Hitler's Bodyguard

Robert Menzies was greatly impressed with much of what he saw when he and his wife toured Nazi Germany in 1938, although Menzies, then Australia’s Attorney General, did perceive an emerging dark side.

“I must confess that we were both glad to escape from the somewhat queer atmosphere of Germany…” Menzies wrote home. “Nevertheless, it must be said that this modern abandonment by the Germans of individual liberty and of the easy and pleasant things of life has something rather magnificent about it.

“The Germans may be pulling down the churches, but they have erected the State, with Hitler as its head, into a sort of religion which produces spiritual exaltation that one cannot but admire…”

Menzies also admired Germany’s ‘tremendous motor roads’, good wages, lack of unemployment and absence of strikes.

As war clouds gathered, Menzies thought the Germans really didn’t want war. He backed Adolf Hitler in his grievances over Czechoslovakia: “I think they have far more justice on their side over the Sudeten problem than the Czech Government, which is, I think, behaving badly.”

Menzies’ letter to his sister Belle was dated August 6, 1938.  Just over 12 months later Menzies as Prime Minister announced that Australia was going to war with Germany.

Menzies was not alone in appeasing fascists. His United Australia Party predecessor Joe Lyons met Italy’s fascist leader Benito Mussolini twice. Lyons sought to improve relations with aggressive powers. He lobbied Britain’s arch-appeaser Neville Chamberlain to reach a peaceful settlement with Hitler at Munich in September 1938.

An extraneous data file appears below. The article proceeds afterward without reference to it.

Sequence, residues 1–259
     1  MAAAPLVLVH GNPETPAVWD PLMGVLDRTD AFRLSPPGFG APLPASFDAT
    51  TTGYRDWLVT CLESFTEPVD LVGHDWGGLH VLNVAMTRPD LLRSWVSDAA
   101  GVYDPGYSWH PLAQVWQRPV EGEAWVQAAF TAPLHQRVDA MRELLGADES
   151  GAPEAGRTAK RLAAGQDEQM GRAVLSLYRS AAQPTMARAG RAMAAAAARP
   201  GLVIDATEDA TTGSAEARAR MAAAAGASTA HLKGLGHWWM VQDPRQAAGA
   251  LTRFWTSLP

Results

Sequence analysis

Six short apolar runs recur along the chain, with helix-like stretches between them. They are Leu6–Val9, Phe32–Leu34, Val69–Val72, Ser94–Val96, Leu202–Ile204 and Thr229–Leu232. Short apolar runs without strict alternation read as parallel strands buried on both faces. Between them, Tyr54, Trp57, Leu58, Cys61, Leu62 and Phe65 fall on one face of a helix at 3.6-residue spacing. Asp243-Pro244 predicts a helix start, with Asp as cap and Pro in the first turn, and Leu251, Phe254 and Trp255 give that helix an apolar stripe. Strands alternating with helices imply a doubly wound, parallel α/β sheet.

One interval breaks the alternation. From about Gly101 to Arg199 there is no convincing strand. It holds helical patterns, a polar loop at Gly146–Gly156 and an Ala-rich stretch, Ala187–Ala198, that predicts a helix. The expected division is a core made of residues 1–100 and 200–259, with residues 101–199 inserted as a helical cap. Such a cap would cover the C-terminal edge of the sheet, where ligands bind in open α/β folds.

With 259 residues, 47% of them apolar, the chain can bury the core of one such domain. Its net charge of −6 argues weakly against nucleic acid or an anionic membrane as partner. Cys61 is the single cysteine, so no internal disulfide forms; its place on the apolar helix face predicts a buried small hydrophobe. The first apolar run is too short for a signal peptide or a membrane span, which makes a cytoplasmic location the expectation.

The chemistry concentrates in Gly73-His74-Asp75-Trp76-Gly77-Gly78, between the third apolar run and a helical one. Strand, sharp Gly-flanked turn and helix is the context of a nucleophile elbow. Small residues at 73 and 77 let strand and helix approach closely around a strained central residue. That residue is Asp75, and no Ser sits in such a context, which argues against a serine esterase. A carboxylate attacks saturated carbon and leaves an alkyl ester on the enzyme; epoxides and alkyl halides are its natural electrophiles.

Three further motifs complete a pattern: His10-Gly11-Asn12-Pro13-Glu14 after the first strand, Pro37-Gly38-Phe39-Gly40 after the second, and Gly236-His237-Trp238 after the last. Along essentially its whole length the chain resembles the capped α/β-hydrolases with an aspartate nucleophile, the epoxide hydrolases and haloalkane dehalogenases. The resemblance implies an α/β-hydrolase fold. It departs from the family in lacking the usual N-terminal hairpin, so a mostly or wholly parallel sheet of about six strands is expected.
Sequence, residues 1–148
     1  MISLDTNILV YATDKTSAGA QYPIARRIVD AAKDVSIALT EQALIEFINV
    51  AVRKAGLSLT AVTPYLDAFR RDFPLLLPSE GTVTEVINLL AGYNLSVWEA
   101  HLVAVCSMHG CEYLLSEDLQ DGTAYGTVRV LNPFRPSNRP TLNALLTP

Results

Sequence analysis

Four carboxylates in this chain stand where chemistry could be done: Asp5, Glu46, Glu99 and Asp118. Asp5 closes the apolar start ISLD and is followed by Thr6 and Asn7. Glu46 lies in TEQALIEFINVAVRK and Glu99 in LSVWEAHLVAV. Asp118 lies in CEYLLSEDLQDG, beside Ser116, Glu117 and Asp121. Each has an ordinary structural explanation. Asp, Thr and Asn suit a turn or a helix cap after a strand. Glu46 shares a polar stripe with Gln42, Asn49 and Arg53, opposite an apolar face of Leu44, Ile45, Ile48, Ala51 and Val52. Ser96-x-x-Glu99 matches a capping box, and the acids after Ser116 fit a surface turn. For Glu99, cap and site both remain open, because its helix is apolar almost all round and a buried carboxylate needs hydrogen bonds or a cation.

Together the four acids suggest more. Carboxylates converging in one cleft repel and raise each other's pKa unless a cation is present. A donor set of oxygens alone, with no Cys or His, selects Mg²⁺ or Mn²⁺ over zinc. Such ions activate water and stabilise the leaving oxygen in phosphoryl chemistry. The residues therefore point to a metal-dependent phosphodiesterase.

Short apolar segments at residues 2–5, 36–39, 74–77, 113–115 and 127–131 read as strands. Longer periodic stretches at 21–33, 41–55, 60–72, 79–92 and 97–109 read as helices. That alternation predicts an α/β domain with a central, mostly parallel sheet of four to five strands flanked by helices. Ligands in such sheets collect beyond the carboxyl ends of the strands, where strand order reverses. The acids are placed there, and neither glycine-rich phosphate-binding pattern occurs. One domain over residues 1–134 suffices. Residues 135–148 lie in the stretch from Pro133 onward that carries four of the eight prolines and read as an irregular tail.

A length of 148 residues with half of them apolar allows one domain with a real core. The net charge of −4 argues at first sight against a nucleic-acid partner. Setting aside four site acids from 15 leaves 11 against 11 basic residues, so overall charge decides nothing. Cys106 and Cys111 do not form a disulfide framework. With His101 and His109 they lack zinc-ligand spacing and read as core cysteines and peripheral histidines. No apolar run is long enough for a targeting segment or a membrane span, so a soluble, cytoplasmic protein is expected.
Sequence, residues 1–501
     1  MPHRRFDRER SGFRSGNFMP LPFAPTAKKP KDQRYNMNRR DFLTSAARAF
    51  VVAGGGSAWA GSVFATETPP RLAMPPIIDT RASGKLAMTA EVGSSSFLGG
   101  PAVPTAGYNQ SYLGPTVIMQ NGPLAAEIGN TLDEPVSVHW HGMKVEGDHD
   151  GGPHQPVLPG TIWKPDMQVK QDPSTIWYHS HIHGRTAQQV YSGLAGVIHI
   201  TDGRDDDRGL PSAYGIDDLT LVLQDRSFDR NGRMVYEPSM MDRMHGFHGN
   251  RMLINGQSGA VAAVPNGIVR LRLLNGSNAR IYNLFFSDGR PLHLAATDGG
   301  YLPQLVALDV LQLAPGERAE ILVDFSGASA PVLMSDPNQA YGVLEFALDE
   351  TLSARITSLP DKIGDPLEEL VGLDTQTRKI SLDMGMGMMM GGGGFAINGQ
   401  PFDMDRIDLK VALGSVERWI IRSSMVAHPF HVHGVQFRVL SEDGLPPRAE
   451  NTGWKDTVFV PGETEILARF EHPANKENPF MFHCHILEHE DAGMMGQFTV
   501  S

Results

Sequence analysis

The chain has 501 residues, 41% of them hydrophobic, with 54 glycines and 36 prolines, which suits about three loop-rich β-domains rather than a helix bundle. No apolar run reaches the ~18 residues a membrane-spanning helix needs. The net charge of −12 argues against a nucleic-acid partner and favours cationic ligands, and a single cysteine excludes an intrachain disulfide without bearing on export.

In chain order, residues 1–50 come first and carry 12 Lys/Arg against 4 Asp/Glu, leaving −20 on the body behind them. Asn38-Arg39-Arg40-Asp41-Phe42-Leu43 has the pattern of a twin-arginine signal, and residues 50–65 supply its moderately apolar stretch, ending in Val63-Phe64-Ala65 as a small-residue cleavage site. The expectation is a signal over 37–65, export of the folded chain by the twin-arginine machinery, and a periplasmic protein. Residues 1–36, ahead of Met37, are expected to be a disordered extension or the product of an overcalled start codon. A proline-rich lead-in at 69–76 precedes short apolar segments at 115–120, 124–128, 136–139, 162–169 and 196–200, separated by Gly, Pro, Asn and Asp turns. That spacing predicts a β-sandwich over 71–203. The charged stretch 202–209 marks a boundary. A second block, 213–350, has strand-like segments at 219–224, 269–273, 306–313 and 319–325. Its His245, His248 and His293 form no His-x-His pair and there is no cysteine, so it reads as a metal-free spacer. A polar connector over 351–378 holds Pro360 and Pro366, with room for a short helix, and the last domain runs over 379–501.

Labor’s John Curtin, an isolationist who became Labor’s Prime Minister in 1941, was an early appeaser of Nazi Germany, before realising his error. In 1935 he said: “Our business is to keep Australia aloof from the wars of the world.”

In 1938, just months after Menzies so openly admired Nazi Germany, a Swiss theology student, Maurice Bavaud, stalked Hitler with a pistol at the Fuhrer’s alpine retreat of Obersalzberg above the village of Berchtesgaden in Bavaria. But Bavaud couldn’t get close enough to his prey. The assassination plan was foiled, as was an earlier attempt at Obersalzberg in 1928.

Hitler over the years had layer upon layer of security guards protecting him, as Hitler’s Bodyguard reveals. He escaped as many as 40 attempts on his life.

From 1933 Hitler began to develop his vast alpine village at Obersalzberg in what was to become the second Nazi headquarters after Berlin. It included Hitler’s impressive chalet, the ‘Berghof’. Henchmen Goring, Bormann and Goebbels erected their own grand chalets there. The extensive building programme continued until 1944.

In earlier days thousands of Germans would flock daily to catch a glimpse of the ‘Fuhrer’ as he took his after-lunch walk.

Ten years ago I visited Obersalzberg and, like Menzies in 1938, I felt a jumble of emotions walking the paths Hitler had strolled amid magnificent pine forests, chalets and fields of the lushest green, overshadowed by soaring snow-capped Alps.

Most reminders of the Nazis around Obersalzberg were bulldozed. But one of the grandest remains; the ‘Eagles Nest’ mountain top reception house with its panoramic views over the Berchtesgaden Alps at Kehlstein, which Hitler’s cronies built at huge public cost for Hitler’s 50th birthday. 

German and international tourists today take a road carved through the steep mountain and then ride a grandiose elevator, minus swastikas, but with its green leather seats and brass mirrors, up to the ‘Eagles Nest’, now a tourist restaurant.

Like all nations Germany has its war memorials and statues. Nazi memorabilia can be found in some street markets. At Obersalzberg, I could only wonder if some came here feeling the awe and perhaps even pride in the power and skill of Germany’s Nazi regime, if not admiring their barbarous and treacherous methods. 

How much different world events might have been had any of those 40 assassination attempts on Adolf Hitler been successful; how much good the awesome German production model could have achieved if it had been deployed peacefully.

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Bob Wurth re-traces the steps of Robert Menzies at Obersalzberg and wonders if other visitors felt "the awe and perhaps even pride in the power and skill of Germany’s Nazi regime, if not admiring their barbarous and treacherous methods."